January 29, 2013 /24-7PressRelease/ -- As everyone knows, many underage U.S. college students drink alcohol. At Penn State and other Pennsylvania colleges and universities, the situation is no different. In fact, the Centre Daily Times reports that in 2011 a shocking 657 college students at Penn State were seen medically for "alcohol overdoses" with an average blood-alcohol content at "an all-time high" of a frightening 0.287.
The University of Pennsylvania provides information about the consequences of high BACs. BAC measures the amount of alcohol in a person's blood at a given moment. Information on the Penn website puts a BAC of 0.287 into perspective:
- Judgment is affected at 0.06.
- Every U.S. state considers people legally drunk at 0.08.
- Reactions and muscle control are affected negatively at 0.10.
- Most drinkers throw up at 0.12.
- Substantial impact on balance, walking and talking occurs at 0.15.
- People start to black out and suffer from memory loss at 0.20.
- Consciousness can be lost at 0.30.
- Death can occur at 0.40.
The bottom line is that our kids are in danger from their drinking behaviors and state law reflects this by making underage drinking illegal. In Pennsylvania, it is a crime for anyone under 21 to try to buy; purchase; possess; or knowingly transport liquor.
In an attempt to deter kids from drinking, the legislature in 2012 increased fines for underage drinking violations, and the Pennsylvania Governor Tom Corbett signed the bill into law.
The new law became effective December 24, 2012, and now anyone convicted of underage drinking can be fined up to $500 for the first offense and up to $1,000 for subsequent offenses. Previously, the maximum fine for second and subsequent violations was $500.
Pros and cons
Supporters of the law hope higher fines will deter student drinking behavior, including underage drunk driving, and soften the financial burden on taxpayers who pay the high cost for law enforcement needed to combat underage drinking and crimes related to it, especially in college and university towns.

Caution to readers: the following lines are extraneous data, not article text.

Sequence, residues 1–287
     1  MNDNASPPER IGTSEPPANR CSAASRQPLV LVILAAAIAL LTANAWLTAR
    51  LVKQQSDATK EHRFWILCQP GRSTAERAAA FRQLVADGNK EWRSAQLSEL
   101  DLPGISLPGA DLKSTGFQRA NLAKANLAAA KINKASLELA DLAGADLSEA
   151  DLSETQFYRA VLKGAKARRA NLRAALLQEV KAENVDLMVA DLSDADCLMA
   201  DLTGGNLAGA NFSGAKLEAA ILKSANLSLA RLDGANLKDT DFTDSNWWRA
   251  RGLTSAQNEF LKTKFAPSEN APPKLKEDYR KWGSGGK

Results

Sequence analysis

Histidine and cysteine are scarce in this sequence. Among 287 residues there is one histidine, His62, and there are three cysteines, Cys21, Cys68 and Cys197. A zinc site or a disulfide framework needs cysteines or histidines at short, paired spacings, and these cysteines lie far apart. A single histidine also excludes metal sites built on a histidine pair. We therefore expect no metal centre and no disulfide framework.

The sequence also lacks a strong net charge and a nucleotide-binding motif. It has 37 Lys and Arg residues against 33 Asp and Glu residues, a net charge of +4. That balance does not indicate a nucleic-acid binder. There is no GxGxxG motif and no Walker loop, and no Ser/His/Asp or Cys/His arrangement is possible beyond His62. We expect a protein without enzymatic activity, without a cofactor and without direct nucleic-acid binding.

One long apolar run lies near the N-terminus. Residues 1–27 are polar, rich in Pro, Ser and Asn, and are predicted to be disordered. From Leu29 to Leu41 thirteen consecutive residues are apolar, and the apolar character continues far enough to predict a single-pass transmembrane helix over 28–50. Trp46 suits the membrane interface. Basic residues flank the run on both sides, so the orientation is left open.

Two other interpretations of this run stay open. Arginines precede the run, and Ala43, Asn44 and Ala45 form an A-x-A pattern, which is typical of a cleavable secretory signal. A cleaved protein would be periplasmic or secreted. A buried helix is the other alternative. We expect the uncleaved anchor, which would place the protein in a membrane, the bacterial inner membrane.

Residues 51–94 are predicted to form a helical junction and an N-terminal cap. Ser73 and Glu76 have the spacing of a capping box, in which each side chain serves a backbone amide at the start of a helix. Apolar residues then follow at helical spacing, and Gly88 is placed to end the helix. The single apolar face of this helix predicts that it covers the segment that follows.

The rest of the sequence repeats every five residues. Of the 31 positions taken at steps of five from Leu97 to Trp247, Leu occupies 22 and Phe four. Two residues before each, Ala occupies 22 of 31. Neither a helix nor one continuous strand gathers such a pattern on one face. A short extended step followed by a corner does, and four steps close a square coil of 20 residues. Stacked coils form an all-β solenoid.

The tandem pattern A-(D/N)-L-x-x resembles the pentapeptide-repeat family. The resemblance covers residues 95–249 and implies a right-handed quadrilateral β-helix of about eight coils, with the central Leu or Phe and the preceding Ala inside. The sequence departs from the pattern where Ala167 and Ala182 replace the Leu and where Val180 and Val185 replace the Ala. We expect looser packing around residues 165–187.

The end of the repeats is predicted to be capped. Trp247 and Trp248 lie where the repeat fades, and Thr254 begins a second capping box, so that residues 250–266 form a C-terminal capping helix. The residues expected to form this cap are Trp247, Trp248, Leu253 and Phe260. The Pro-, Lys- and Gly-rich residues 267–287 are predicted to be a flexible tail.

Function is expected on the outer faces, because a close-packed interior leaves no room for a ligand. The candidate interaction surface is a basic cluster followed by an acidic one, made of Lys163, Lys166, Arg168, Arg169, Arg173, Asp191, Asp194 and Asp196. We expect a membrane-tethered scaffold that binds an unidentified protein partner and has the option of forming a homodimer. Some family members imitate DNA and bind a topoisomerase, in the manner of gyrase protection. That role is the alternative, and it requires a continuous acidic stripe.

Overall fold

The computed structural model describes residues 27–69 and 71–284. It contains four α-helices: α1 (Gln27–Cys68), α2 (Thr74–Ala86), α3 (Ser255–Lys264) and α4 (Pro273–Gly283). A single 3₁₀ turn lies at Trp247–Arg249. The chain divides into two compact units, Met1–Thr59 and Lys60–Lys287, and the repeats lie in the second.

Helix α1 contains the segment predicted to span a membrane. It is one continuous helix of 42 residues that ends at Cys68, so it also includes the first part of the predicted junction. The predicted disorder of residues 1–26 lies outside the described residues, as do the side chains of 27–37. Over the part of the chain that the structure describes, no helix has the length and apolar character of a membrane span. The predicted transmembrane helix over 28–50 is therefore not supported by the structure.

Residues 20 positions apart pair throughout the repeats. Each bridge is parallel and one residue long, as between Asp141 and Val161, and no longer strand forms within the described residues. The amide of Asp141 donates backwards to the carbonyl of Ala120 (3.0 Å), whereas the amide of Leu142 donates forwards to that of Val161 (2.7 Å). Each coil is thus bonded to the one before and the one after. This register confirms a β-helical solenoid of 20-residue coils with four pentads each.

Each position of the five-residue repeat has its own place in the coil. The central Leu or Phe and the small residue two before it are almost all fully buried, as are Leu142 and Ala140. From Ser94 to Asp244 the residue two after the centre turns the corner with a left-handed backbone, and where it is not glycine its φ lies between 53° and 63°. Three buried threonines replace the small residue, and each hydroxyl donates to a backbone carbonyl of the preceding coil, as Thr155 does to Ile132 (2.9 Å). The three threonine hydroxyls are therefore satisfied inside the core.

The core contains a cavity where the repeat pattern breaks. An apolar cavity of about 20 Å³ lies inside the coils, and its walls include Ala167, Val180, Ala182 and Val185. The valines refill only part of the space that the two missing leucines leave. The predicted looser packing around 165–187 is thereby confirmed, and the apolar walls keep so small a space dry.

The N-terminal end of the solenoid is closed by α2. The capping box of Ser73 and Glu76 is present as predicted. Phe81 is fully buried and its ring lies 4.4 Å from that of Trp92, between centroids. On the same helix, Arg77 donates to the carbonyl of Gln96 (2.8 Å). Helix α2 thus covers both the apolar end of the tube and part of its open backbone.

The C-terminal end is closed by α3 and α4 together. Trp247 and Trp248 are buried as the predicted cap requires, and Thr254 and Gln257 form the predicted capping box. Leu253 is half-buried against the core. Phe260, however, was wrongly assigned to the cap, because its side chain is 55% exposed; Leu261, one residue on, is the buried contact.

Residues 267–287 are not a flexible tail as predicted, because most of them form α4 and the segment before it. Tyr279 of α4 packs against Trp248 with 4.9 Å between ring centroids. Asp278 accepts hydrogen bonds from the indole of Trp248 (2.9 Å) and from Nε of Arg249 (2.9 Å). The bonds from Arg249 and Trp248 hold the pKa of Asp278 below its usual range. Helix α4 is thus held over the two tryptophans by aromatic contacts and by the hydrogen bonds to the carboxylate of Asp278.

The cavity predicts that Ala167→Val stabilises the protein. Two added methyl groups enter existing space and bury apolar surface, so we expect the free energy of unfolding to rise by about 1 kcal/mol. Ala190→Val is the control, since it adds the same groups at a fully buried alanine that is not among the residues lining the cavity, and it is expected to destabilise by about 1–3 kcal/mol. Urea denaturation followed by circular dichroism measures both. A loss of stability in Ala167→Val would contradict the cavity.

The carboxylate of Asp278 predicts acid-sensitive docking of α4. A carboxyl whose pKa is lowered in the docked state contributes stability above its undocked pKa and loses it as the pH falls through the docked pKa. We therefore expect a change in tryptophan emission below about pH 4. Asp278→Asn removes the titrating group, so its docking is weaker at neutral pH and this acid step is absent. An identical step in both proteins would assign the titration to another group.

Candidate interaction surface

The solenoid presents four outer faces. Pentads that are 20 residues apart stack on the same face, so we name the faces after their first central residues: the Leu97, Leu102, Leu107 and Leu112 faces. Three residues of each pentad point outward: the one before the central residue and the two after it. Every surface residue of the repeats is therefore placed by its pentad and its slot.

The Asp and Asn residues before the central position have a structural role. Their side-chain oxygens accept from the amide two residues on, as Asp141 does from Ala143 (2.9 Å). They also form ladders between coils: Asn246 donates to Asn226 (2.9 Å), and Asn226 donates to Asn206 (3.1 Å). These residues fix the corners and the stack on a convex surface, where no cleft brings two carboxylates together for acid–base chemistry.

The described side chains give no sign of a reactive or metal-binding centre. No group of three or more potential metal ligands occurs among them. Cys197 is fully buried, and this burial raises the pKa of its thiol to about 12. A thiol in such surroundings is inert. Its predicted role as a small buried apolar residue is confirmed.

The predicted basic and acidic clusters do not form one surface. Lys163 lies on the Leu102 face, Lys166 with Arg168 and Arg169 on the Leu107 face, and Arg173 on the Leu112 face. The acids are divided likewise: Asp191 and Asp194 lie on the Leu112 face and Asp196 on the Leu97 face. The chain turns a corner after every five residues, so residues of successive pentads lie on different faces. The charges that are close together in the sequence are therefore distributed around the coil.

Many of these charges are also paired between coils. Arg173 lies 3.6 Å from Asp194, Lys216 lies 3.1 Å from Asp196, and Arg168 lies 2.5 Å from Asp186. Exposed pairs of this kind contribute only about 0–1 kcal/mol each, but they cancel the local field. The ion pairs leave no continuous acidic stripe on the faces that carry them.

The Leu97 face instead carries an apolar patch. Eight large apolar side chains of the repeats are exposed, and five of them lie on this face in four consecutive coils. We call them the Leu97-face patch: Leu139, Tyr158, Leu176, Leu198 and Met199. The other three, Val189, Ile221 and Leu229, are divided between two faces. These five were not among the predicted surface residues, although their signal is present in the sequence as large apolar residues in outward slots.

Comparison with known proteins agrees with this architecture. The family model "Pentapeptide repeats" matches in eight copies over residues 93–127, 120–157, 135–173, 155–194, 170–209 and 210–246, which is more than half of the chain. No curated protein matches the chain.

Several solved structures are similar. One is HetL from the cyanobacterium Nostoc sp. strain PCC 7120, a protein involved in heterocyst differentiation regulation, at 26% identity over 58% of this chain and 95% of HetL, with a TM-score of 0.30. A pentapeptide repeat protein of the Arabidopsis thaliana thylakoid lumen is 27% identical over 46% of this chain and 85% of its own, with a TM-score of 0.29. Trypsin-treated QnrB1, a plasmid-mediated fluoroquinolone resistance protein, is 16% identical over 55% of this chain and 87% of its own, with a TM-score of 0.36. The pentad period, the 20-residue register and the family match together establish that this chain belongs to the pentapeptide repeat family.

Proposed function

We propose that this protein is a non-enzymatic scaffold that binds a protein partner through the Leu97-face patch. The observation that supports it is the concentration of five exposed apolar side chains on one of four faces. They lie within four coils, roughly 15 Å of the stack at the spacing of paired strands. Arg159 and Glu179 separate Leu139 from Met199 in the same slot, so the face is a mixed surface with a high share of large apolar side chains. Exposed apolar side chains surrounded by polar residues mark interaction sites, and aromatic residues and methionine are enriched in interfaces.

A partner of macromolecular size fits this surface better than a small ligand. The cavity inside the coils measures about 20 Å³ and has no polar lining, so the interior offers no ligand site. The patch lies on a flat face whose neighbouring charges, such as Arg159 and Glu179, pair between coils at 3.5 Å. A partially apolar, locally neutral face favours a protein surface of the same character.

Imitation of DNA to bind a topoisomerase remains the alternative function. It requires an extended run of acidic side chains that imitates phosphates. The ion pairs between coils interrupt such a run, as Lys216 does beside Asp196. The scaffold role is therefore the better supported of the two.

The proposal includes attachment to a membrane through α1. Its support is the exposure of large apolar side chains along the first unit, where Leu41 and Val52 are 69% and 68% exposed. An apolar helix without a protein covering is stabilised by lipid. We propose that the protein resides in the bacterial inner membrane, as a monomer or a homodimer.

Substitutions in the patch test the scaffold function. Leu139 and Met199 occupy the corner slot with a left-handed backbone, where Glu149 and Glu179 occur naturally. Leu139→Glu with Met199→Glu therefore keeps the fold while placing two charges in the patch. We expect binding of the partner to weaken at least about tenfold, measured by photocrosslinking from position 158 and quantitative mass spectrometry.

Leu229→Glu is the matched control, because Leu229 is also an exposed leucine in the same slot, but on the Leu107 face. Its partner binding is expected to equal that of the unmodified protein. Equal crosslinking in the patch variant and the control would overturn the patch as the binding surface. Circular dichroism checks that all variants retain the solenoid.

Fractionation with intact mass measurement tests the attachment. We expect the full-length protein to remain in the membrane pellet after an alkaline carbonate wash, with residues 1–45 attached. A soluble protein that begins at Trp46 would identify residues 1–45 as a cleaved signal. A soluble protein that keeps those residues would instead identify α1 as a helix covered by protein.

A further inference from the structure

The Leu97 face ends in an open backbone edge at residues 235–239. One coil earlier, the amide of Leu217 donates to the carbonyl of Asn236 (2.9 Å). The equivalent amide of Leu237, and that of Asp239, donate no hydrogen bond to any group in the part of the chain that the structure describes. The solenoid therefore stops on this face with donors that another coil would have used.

Some people question whether the increased fines will make any difference when alcohol is such an accepted behavior among many young people, when parents could be the actual ones absorbing the cost and when kids are affluent enough that it will not cause financial pain. A judge interviewed by the Pittsburgh Tribune-Review said he would prefer to steer kids into alcohol education classes or require community service.
An underage drinking offense in Pennsylvania also brings an automatic driver's license suspension, with the length of the suspension varying with the number of previous offenses.
High school and college students need to be careful about drinking for their health and because a criminal record has the potential to hurt their future school admissions, student loan eligibility and employment options.
Anyone accused of underage drinking or a related crime in Pennsylvania, or the parent of such a defendant, should consult with a criminal defense attorney experienced in representing high school and college students in such matters. A knowledgeable lawyer will understand the options for defending the case, including whether the student is a good candidate for Accelerated Rehabilitative Disposition or ARD, a pretrial diversionary program that emphasizes rehabilitation and can prevent a criminal record.
Article provided by Masorti & Donaldson, P.C.
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